In theory, apologizing for harming another person is a sign of maturity and accountability. After all, we are supposed to take ownership of our transgressions. We are supposed to take appropriate steps to repair the damage we’ve caused. However, it’s important that our attempts to apologize and atone are genuine and are given with full acknowledgment of all the facts and nuances of our transgression.
In my therapy practice, I often see clients or couples who’ve recently uncovered an extramarital affair. After getting caught, the cheating partner will typically apologize profusely to the betrayed partner, making all sorts of promises and commitments (that are not often kept). The cheating partner might also, interwoven with this apology, minimize or rationalize the harmful behavior and its impact. This type of apology – made from guilt, duty, obligation, and a desire to cool down a crisis, tends to be more counterproductive than helpful.
To be effective, an apology must contain a genuine understanding of what happened, why it occurred, and how it impacted the other person. Until the person who is apologizing is in this frame of mind, any apology that he or she gives will, at best, feel hollow. This is why it’s so important for recovering addicts, cheaters, and the like to avoid making apologies or amends too soon.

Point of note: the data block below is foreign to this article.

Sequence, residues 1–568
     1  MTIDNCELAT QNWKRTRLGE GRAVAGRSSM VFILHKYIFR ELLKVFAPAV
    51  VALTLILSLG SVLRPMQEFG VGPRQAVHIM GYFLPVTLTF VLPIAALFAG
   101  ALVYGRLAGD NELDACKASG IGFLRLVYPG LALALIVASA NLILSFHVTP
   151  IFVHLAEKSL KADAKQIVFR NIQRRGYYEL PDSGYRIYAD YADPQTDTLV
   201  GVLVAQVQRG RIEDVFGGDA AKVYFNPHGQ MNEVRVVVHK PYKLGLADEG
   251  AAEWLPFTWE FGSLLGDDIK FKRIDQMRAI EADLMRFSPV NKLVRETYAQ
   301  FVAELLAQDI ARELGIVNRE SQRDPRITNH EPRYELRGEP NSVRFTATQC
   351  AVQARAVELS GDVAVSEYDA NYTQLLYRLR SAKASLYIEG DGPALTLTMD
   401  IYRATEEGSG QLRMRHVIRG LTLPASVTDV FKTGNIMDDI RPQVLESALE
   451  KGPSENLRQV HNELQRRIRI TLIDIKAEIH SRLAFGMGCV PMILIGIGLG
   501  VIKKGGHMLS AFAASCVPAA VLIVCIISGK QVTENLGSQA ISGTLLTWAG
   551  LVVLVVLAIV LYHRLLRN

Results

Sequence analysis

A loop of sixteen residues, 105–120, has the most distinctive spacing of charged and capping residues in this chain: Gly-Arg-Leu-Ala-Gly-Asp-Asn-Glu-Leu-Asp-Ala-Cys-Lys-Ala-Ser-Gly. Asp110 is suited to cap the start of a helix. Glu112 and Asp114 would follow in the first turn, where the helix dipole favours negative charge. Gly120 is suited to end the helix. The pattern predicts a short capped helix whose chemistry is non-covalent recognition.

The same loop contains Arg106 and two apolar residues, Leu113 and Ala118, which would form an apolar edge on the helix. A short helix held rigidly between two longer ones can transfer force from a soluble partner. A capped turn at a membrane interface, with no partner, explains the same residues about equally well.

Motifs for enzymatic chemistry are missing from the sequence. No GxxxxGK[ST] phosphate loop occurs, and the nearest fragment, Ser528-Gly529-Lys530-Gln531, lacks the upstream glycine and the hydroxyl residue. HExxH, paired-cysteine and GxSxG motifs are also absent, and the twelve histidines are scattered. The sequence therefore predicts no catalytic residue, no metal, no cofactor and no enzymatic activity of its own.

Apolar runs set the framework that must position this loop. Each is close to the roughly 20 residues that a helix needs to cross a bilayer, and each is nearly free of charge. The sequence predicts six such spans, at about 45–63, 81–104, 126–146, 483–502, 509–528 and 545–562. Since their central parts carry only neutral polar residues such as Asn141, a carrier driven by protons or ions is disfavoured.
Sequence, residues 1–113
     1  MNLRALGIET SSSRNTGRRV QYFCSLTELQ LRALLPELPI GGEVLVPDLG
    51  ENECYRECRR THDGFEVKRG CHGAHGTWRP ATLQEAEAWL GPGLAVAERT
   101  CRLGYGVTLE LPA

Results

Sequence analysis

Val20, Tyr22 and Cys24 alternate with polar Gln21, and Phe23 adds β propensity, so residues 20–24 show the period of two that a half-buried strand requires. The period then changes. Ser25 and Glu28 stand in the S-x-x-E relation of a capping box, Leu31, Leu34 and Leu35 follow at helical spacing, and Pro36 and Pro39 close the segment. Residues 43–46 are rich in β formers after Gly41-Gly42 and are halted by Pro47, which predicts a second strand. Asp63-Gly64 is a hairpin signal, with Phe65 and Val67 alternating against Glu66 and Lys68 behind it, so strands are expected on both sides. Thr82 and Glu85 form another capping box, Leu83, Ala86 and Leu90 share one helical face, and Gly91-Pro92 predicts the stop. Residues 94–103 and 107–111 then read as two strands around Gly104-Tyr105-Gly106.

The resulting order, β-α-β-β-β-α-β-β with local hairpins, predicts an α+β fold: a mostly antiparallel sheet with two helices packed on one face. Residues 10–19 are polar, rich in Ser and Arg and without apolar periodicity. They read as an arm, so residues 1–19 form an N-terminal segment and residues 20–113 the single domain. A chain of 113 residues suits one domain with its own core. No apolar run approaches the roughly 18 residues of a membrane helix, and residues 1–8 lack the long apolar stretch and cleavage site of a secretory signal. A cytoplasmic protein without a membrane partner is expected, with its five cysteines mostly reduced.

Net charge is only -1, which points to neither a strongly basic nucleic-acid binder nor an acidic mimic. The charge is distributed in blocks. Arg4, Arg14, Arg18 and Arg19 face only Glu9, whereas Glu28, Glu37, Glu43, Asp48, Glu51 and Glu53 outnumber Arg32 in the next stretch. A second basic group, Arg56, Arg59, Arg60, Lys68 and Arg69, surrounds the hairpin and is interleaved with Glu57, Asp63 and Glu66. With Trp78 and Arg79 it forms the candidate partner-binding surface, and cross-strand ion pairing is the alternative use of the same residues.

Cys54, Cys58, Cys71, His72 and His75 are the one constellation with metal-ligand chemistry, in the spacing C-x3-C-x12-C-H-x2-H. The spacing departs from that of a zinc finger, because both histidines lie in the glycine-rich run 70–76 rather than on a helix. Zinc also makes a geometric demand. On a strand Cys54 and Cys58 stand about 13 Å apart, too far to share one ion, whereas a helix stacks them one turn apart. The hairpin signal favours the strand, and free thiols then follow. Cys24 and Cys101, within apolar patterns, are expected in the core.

Only time and serious contemplation can help these individuals fully comprehend the error of their ways, and to develop the insight they need to avoid making the same mistakes moving forward. That’s why the 12 Steps wait until addicts are on Step 8 and 9 before they even consider the idea of making amends. Stated very simply: There is a tremendous amount of internal work that must be completed before the addict can begin the process of repairing external relationships by making amends. With apologies and amends, patience really is a virtue.
Steps 1 through 7 of the 12 Steps encourage us to focus on the internal work that leads to healthy change. Step 1, Step 2, and Step 3 challenge us to identify what isn’t working in our lives, and to acknowledge that we need help to fix our issues. Step 4 asks us to take a “fearless” look at every facet of our lives, especially parts that may have contributed to our struggles and strife. Then the healing begins with Step 5, when we share our story with another person and our Higher Power so that we might find healing through empathy, compassion, and nonjudgmental acceptance. This provides relief from the shame of our trauma, hurt, and mistakes. Steps 6 and 7 push us forward into internal growth by helping us to get out of our own way, to focus on what’s important, and to continue down the path of healing and wellness.
Only after the deep, soul-altering, mind-bending work of Steps 1 through 7 are we better equipped to own how our choices and experiences have affected others—without minimizing or rationalizing—and work toward repairing unhealthy relationship dynamics.
In my next post to this site, I will discuss the ways in which non-addicts can actually work Steps 8 and 9.